Signed Edition Sweepstakes

Recently Viewed clear list

Original Essays | September 18, 2014

Lin Enger: IMG Knowing vs. Knowing

On a hot July evening years ago, my Toyota Tercel overheated on a flat stretch of highway north of Cedar Rapids, Iowa. A steam geyser shot up from... Continue »

Qualifying orders ship free.
New Trade Paper
Ships in 1 to 3 days
Add to Wishlist
Qty Store Section
25 Local Warehouse Literary Criticism- General
25 Remote Warehouse Biography- General

More copies of this ISBN

I Know Why the Caged Bird Sings


I Know Why the Caged Bird Sings Cover



Reading Group Guide

1. Maya Angelou begins her autobiography with a moment of public humiliation in church. Why do you think she chose this scene in particular? Do themes in this scene reappear throughout the memoir?

2. To Marguerite, her mother seems alternately charming, elusive, unreliable and strong. Which episodes in the novel illuminate her character? Do you think she was a good mother?

3. Mrs. Flowers “encouraged [Marguerite] to listen carefully to what country people called mother wit. That in those homely sayings was couched the collective wisdom of generations” (100). What are some of the maxims that Angelou remembers hearing from Momma and Mother? Did any of these maxims strike a particular chord with you? Are there examples of “mother wit” that you remember from your own childhood, or pass on to those around you?

4. Angelou describes Marguerite as “superstitious” (166). Can you find some examples of Marguerites superstition?

5. How does Angelou describe her molestation and later her rape at the hands of Mr. Freeman? Were you surprised by her emotions? Was this terrible experience the defining moment of the novel or of Angelous childhood? Why or why not?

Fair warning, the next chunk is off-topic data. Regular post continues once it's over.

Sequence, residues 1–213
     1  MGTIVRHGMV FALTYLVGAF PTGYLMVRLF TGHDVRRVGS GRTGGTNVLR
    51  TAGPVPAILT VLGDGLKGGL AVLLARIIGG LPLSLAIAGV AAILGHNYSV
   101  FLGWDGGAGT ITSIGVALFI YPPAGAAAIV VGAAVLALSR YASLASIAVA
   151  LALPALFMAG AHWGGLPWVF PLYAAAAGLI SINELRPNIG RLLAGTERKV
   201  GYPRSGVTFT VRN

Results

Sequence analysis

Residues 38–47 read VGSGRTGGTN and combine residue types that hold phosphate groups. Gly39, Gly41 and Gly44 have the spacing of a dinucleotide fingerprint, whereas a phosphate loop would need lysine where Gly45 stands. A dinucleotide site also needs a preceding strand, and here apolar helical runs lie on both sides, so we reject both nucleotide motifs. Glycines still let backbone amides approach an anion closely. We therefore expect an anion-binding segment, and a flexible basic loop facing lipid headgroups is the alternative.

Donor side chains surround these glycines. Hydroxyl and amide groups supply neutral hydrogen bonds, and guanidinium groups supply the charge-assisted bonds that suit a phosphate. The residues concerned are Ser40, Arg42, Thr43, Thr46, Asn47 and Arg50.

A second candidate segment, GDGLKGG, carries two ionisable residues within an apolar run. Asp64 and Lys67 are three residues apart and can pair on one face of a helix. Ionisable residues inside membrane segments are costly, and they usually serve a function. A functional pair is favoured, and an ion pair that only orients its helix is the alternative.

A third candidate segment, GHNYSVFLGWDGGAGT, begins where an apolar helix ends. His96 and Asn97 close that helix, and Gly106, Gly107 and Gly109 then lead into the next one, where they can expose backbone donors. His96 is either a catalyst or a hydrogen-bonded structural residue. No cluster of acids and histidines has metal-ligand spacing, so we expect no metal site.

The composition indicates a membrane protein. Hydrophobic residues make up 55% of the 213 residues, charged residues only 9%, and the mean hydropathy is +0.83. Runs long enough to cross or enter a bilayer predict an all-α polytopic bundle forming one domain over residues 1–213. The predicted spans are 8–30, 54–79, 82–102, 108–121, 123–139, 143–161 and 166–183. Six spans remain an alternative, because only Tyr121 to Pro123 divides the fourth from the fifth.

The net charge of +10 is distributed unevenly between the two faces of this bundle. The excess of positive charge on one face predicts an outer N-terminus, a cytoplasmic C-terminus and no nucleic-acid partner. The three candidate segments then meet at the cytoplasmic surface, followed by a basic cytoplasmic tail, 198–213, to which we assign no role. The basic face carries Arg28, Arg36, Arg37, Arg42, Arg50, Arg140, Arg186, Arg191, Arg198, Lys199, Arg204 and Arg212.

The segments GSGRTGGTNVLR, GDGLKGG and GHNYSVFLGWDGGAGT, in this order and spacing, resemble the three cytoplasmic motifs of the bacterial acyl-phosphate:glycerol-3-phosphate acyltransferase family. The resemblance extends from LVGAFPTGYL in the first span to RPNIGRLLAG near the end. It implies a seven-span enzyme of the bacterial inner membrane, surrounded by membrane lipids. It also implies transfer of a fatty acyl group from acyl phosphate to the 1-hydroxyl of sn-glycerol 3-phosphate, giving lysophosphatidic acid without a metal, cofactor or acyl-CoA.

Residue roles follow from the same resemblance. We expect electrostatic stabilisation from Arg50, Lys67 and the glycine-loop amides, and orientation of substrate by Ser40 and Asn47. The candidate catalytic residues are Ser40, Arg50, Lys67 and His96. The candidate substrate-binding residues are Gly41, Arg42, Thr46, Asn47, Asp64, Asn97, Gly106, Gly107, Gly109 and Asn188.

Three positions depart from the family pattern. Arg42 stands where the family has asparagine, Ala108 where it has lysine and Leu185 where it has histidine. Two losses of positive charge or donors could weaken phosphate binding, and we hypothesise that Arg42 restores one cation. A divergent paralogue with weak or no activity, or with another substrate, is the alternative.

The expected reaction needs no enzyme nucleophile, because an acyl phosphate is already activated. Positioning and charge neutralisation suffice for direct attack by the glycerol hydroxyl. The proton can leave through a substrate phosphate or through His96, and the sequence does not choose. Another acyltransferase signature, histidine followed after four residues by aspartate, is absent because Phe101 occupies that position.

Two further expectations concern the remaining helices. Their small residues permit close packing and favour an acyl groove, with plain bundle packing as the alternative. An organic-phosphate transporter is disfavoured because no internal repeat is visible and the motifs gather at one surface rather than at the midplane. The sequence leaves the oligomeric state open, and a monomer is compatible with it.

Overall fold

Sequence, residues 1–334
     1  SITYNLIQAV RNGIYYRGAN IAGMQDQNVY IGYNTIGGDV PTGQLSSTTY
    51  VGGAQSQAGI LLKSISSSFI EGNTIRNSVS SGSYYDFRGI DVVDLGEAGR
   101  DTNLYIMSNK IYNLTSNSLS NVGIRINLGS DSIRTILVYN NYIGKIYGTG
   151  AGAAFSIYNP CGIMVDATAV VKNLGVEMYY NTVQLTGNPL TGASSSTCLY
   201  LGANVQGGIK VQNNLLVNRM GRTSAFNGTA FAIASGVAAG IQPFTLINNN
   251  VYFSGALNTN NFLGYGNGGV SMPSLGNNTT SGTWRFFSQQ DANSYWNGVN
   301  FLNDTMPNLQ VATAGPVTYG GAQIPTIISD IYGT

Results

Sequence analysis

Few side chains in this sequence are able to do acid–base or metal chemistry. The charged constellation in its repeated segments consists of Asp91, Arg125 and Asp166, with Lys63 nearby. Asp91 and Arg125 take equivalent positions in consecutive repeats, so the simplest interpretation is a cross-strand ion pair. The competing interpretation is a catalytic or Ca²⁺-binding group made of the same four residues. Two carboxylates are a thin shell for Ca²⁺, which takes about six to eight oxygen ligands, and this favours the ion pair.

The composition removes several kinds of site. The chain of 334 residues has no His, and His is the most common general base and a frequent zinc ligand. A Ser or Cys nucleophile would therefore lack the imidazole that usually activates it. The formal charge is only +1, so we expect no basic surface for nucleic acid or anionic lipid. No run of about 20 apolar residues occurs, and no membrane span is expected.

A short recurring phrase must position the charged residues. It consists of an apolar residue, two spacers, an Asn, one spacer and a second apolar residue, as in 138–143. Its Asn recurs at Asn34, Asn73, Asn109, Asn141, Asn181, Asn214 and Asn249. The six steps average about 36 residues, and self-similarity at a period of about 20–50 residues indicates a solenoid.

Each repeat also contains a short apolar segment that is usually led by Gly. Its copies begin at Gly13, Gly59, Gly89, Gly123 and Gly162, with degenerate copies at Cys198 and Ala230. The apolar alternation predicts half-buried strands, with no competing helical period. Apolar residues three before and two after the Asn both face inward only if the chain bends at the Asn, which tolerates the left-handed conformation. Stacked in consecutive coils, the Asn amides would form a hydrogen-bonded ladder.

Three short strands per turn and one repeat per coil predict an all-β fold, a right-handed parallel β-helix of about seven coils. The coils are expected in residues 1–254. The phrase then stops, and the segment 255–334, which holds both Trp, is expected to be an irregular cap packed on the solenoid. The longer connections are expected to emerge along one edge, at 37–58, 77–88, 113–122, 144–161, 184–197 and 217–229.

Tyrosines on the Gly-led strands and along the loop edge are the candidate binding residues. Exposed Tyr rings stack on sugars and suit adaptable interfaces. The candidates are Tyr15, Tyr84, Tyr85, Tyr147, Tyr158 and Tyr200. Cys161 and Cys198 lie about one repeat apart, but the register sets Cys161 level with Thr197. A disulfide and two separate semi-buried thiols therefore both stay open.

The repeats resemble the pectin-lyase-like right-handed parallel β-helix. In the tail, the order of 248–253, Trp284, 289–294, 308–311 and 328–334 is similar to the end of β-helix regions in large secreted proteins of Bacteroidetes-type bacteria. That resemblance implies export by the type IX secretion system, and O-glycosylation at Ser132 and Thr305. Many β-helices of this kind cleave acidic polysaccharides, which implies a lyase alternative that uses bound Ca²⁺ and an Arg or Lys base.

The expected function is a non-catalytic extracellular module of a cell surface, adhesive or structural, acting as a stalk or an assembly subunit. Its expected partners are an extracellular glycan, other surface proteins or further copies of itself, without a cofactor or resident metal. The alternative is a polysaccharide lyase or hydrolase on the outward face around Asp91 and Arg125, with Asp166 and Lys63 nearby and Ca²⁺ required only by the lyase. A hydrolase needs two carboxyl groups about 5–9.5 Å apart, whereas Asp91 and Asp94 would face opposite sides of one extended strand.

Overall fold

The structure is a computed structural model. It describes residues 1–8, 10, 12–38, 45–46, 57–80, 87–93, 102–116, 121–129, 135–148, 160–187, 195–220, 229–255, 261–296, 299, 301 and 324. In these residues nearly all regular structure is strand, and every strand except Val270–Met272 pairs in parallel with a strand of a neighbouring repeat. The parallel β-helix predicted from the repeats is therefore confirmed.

6. “Every person I knew had a hellish horror of being ‘called out of his name” (109), and when Mrs. Cullinan renames her “Mary,” she exacts her revenge. Can you think of other examples of naming and renaming in the book? What do you think it means to be “called out of [ones] name”?

7. What did you think of the relationship between Glory and Mrs. Cullinan?

8. “I couldnt force myself to think of them as people,” (26) Angelou writes of the whites in segregated Stamps, Arkansas. Does this change over the course of the novel?

9. How is Marguerites identity as a Black woman variously shaped by her own and others interactions with whites, including the “powhitetrash children” (28), middle class whites like Mrs. Cullinan and the sheriff, and Northern whites such as the employees of the Market Street Railway Company? Do you think that Marguerite is more powerfully affected by her own interactions or by the interactions she observes?

10. As the granddaughter of a comparatively poor businesswoman, Marguerites understanding of the world is shaped as much by class experience as by race. Can you think of some examples of class distinctions or inversions in the novel?

11. What are some of the communities that welcome Marguerite during her childhood? Which communities nurture her successfully? Which are less successful?

12. “He was my first white love,” (13) Angelou says of Shakespeare, but most of her teachers are Black. How does Angelou describe her education, both formal and informal? What lessons does she learn from those around her?